“Zhamanak” says U.S. President Barack Obama’s decision to cancel planned talks with his Russian counterpart Vladimir Putin heralds a deterioration of U.S.-Russian relations which could have ramifications for the South Caucasus. The paper says this will put Armenia in a more awkward position vis-à-vis Moscow and Washington. It says the Armenian authorities are hardly capable of “courageous decisions and positions” that are required in such circumstances. One can only hope that U.S.-Russian tensions will not degenerate into another “cold war,” it says.
“Aravot” says the Kremlin is playing “the Karabakh card” to influence Armenia’s foreign policy. The paper says the fate of Karabakh is the main argument made by Russian pundits and their pro-Russian colleagues in Armenia against the planned Association Agreement with the European Union. It says a hardly a day goes by without a Russian political analyst warning that European integration would end Armenian control over Karabakh. “In effect, the Karabakh card has become the Kremlin’s only weapon for making Armenia abandon the Association Agreement with the EU,” writes the paper.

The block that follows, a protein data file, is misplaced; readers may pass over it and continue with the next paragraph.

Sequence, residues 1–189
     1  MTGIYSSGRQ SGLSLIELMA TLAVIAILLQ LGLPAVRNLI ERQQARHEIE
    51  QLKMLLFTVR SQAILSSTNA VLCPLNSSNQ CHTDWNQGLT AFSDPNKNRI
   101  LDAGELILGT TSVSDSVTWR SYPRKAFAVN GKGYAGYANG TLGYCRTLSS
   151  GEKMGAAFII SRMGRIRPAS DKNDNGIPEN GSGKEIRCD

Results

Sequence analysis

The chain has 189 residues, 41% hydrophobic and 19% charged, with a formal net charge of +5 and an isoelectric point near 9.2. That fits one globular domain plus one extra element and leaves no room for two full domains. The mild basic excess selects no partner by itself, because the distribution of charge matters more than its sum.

Emergency Situations Minister Armen Yeritsian assures “Zhoghovurd” that the pro-government Orinats Yerkir Party, of which he is the deputy chairman, has not become a moribund structure. Yeritsian insists that party leaders have made no public statements lately only because of summer holidays. “But I am in town, and as emergency situations minister and Orinats Yerkir deputy chairman, I am doing everything to stop emigration,” he says. “Emigration results from a lack of jobs. Right now, for example, I am hiring people with disabilities for the Ministry of Emergency Situations … So we must make sure that people see that there are jobs in Armenia.”